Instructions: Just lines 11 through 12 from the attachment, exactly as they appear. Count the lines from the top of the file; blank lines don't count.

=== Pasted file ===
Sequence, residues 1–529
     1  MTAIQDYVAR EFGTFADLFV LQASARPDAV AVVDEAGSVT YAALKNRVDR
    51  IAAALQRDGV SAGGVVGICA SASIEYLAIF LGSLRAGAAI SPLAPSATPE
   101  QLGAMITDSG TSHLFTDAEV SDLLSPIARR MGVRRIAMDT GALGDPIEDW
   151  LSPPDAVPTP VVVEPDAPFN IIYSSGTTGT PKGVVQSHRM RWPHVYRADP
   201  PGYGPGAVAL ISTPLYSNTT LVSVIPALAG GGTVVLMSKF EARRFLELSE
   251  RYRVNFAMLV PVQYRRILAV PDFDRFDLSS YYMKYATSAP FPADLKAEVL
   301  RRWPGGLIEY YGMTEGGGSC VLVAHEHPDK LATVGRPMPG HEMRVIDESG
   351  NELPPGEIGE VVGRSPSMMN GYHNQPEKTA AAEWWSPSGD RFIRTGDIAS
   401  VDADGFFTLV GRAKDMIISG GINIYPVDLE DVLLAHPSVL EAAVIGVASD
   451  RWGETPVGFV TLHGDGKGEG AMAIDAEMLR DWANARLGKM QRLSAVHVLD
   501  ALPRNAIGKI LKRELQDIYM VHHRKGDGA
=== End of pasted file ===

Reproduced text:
   451  RWGETPVGFV TLHGDGKGEG AMAIDAEMLR DWANARLGKM QRLSAVHVLD
   501  ALPRNAIGKI LKRELQDIYM VHHRKGDGA